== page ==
Typically, when I first share with someone that I have cancer of the vulva, the first response is: What? Does that exist? This question is quickly followed up with: Wait, what exactly is the vulva?
Matthew Baumhauer speaks openly and honestly about his wife, Clare's, diagnosis of vulval cancer, and how the ordeal has affected them both. Clare and Matthew are passionate ambassadors for increasing awareness into vulval cancer and its signs and symptoms.
Most malignancies are associated with the skin of the labia. Malignancies arising from the clitoris and vestibular glands are extremely rare.
Protection from infection with the Human Papillomavirus (HPV), including HPV vaccination, reduces the risk of vulvar cancer.
“Vulvar cancer occurs in a sensitive area and is rare, so you don’t have as big a community of cancer survivors,” said Diane Yamada, MD...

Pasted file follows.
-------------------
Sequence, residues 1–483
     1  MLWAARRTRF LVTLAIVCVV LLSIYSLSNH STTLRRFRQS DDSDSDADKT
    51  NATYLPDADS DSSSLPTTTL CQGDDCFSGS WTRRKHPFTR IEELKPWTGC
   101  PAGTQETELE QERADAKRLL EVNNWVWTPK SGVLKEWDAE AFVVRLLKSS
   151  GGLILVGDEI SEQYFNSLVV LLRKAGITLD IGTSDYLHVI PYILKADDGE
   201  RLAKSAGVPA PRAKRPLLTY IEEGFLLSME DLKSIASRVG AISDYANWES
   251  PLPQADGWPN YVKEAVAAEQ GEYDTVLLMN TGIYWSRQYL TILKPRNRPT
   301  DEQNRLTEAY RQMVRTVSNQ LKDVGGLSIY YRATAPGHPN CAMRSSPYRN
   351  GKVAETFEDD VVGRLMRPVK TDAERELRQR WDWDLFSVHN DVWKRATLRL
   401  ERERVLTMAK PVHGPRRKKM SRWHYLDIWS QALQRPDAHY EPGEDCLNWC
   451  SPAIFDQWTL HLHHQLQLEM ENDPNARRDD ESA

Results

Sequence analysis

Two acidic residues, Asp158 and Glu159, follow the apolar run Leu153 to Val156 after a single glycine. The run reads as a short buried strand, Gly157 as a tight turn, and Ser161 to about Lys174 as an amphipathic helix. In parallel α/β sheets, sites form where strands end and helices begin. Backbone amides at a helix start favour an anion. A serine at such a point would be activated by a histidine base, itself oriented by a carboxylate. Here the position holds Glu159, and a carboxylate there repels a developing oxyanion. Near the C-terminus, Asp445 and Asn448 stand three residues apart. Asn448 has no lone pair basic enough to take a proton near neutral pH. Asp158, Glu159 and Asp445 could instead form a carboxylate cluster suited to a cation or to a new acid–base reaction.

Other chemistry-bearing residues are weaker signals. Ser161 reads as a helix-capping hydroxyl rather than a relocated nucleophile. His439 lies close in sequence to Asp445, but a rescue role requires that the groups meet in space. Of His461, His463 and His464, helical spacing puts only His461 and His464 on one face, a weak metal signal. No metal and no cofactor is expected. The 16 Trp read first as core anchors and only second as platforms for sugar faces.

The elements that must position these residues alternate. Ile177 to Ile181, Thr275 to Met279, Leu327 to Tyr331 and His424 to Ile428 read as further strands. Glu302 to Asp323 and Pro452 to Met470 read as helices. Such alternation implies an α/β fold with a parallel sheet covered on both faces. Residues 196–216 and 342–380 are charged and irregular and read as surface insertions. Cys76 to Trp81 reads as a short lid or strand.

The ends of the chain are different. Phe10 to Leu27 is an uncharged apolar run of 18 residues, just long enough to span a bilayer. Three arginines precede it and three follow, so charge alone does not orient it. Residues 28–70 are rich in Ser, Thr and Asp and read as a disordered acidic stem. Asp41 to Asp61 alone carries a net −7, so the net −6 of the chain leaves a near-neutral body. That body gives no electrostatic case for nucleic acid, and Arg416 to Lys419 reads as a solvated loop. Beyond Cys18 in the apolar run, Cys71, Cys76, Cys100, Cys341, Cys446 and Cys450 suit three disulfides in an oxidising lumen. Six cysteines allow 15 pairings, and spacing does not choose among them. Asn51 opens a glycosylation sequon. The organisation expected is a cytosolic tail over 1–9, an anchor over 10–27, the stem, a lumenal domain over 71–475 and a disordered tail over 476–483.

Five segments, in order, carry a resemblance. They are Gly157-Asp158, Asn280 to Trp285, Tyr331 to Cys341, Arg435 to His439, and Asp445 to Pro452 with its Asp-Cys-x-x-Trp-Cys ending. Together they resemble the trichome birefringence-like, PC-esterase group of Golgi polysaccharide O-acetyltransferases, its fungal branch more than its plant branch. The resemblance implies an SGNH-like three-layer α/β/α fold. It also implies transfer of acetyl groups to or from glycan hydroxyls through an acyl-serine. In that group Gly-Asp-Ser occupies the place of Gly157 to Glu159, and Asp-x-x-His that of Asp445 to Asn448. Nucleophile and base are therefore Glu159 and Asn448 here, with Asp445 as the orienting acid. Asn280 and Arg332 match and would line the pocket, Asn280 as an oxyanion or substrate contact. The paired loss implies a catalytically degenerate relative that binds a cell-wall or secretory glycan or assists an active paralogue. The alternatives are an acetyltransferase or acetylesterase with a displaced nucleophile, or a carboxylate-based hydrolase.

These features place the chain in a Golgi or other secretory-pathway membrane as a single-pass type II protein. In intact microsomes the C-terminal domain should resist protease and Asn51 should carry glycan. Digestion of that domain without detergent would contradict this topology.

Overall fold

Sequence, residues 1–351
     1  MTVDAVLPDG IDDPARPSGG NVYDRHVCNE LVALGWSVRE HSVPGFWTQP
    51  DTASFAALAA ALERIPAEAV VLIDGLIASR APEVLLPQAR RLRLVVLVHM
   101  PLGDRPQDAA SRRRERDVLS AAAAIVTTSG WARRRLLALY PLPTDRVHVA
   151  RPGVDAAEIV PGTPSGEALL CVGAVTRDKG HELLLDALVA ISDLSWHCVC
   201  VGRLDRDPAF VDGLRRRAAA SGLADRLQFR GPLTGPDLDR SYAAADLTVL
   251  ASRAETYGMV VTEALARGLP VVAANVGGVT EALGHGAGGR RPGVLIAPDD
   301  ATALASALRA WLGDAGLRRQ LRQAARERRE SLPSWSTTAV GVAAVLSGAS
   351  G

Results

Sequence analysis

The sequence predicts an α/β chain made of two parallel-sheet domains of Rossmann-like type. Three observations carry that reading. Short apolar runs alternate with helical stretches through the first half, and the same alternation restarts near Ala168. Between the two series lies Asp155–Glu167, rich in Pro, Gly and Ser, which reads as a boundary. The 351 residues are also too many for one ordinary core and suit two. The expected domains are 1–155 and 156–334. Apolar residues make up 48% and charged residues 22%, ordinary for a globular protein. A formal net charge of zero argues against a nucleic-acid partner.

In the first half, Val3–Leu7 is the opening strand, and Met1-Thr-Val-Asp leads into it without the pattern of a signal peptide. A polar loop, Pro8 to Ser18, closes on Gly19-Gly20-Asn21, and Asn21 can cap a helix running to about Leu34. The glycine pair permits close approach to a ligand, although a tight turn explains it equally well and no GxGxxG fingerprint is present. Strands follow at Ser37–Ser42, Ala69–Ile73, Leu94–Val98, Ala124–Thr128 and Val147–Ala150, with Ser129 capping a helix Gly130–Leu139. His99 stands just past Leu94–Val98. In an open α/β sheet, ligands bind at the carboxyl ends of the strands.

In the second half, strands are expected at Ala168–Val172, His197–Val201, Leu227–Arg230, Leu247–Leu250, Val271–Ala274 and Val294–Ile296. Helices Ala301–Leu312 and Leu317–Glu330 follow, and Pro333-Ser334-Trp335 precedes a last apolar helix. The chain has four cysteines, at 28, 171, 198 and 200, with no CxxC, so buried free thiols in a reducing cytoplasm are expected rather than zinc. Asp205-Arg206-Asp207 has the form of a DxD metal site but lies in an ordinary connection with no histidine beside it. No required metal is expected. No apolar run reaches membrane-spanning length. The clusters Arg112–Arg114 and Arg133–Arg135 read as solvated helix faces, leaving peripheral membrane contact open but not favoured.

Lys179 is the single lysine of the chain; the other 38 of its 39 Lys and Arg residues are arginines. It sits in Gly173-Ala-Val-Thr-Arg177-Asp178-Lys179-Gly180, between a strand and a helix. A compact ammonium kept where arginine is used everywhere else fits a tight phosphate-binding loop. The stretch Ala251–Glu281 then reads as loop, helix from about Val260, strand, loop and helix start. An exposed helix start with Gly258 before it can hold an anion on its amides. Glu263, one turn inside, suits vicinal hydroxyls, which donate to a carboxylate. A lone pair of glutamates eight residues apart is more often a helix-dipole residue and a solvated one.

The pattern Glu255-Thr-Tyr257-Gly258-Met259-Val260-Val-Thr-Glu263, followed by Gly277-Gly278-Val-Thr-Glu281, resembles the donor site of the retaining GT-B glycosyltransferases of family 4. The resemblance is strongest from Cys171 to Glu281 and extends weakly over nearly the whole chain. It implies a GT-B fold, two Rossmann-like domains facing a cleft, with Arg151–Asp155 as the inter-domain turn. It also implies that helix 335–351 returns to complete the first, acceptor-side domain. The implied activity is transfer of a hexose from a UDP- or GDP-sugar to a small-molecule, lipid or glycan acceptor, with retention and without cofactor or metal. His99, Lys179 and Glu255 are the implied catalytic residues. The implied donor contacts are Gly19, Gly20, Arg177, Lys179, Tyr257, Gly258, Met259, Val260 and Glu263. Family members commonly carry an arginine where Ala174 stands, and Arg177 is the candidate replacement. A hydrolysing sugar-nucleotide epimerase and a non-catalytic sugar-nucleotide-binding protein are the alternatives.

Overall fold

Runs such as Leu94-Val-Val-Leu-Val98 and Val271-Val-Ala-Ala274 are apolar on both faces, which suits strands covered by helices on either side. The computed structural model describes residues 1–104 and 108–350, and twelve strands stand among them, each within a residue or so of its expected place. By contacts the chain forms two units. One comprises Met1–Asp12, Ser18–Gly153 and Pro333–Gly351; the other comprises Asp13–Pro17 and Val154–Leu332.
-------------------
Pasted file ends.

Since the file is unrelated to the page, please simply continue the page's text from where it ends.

Vulval cancer is a type of skin cancer. You can get different types of skin cancer on your vulva, including squamous cell cancer (the most common), melanoma, adenocarcinomas, verrucous cancers and sarcomas.
For years, Clare Baumhauer's painful symptoms were written off by GPs. Then she was diagnosed with lichen sclerosus—a little-known condition that, for a small number of women, can cause vulva cancer.
This website has been created to help sufferers of Lichen Sclerosus and those who believe they may have it. We are also hoping this website will help us to raise awareness for this condition.
It can start in any part of the female external sex organs. It most often affects the inner edges of the outer lips (labia majora) or the outer lips (labia minora).
Most vulval cancers do not form quickly.
Learn about the risk factors for vulvar cancer and what you might be able to do to help lower your risk.
About 80% of vulvar cancers involve the labia, mainly the labia majora (~50%). About ten percent involve the clitoris, and another 10% involve the perineum,
Vaginal and vulvar cancers are very rare. While all women are at risk for these cancers, very few will get them. Together, they account for about 8% of all gynecologic cancers diagnosed in the U.S.
Diagnosis is usually made in the sixth through eighth decades of life and is commonly identified at an early stage of the disease. Squamous cell carcinoma (SCC) accounts for most vulvar cancers, while basal cell carcinoma (BCC), extramammary Paget disease, and vulvar melanoma comprise the less common subtypes.